The Harvest Gypsies is a series of articles by John Steinbeck written on commission for The San Francisco News focusing on the lives and times of migrant workers in California's Central Valley. Published daily from October 5–12, 1936, Steinbeck delves into the hardships and triumphs of American migrant workers during the Great Depression, tracing their paths and stories from crop to crop as they eked out a stark existence.

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  • The Harvest Gypsies is a series of articles by John Steinbeck written on commission for The San Francisco News focusing on the lives and times of migrant workers in California's Central Valley. Published daily from October 5–12, 1936, Steinbeck delves into the hardships and triumphs of American migrant workers during the Great Depression, tracing their paths and stories from crop to crop as they eked out a stark existence. The articles were published together in 1938 as a pamphlet entitled Their Blood is Strong by the Simon J. Lubin Society, a non-profit organization dedicated to educating Americans about the plight of the migrant worker. This pamphlet included the seven articles, plus Steinbeck's newly written epilogue "Starvation Under the Orange Trees," and twenty-two photographs by Dorothea Lange Ten thousand copies of this pamphlet were sold at twenty-five cents each. (en)
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  • Even the popularity of The Grapes of Wrath, however, did not produce significant public programs to assist the migrants. Foreign affairs and the coming U.S. involvement in World War II increasingly captured the nation's attention. By the end of 1940, reporter Ernie Pyle noted that the Okies no longer made headlines: "people sort of forgot them". A year later, the labor surplus of the Depression had been transformed into an extraordinary wartime shortage of workers. Migrants who were not subject to military service found well-paying jobs in California's booming shipyards, aircraft factories and other defense plants. The Joads and their fellow Okies ultimately found economic salvation, not in the small farms they dreamed of owning, but in urban industry fueled by billions of federal dollars. California growers, desperate for labor, once again turned to Mexico. Hundreds of thousands of new workers crossed the border, many of them arriving under the terms of the U.S. government's Bracero program. With the farm labor force no longer dominated by white Americans, little attention or sympathy was focused on social conditions in rural California. Not until the Delano strike of 1965, in an era sensitized by the Civil Rights Movement, did issues raised in The Grapes of Wrath return to the broad public consciousness. And not until 1975 did the state legislature establish an Agricultural Labor Relations Board similar to the one Steinbeck advocated in 1936. (en)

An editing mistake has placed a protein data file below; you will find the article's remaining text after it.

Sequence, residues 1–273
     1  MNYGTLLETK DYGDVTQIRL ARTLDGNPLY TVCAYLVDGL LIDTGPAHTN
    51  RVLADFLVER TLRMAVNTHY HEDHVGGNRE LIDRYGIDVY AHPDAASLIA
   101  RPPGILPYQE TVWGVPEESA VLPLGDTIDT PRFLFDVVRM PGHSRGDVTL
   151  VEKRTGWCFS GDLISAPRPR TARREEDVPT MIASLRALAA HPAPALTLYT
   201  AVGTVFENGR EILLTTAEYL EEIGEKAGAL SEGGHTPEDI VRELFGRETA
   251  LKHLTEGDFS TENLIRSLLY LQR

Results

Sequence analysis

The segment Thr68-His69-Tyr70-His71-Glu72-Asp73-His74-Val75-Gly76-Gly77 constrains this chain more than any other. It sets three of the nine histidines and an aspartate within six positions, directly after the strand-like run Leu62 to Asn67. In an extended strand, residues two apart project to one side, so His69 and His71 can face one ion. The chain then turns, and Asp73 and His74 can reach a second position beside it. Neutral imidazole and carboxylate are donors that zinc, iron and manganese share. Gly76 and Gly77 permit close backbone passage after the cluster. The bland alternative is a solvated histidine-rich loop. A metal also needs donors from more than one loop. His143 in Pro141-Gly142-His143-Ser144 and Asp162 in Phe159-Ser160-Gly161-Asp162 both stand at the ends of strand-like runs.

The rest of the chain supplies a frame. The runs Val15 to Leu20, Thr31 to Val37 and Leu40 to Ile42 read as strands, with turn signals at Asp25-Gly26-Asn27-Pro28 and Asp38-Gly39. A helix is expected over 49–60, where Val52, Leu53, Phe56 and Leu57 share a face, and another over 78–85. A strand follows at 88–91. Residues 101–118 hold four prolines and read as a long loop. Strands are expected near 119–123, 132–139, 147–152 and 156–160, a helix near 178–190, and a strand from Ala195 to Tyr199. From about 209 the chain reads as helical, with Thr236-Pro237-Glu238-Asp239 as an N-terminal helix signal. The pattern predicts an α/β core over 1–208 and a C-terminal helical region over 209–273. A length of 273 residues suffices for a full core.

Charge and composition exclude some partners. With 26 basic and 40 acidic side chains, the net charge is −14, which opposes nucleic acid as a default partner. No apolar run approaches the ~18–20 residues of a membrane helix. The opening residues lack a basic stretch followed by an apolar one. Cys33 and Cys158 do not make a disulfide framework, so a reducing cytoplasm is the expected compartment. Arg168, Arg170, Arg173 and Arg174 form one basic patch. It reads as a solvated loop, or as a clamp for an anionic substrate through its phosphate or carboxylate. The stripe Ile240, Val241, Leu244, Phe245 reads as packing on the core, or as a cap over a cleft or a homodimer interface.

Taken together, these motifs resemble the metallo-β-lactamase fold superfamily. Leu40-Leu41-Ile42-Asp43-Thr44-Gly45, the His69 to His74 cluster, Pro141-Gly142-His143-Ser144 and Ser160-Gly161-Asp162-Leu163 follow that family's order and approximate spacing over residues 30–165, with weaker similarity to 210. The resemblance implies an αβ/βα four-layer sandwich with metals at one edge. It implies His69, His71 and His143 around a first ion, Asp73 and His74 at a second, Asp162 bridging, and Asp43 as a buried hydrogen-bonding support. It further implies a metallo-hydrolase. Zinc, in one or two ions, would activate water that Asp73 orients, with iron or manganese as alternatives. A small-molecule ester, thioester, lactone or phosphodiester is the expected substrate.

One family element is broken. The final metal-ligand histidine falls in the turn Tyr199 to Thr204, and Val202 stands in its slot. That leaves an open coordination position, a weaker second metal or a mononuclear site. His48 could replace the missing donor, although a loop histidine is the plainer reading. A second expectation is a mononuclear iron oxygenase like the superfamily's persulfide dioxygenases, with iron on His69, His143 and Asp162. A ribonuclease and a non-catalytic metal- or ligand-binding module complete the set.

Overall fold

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  • —Charles Wollenberg. (en)
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  • The Harvest Gypsies is a series of articles by John Steinbeck written on commission for The San Francisco News focusing on the lives and times of migrant workers in California's Central Valley. Published daily from October 5–12, 1936, Steinbeck delves into the hardships and triumphs of American migrant workers during the Great Depression, tracing their paths and stories from crop to crop as they eked out a stark existence. (en)
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  • The Harvest Gypsies (en)
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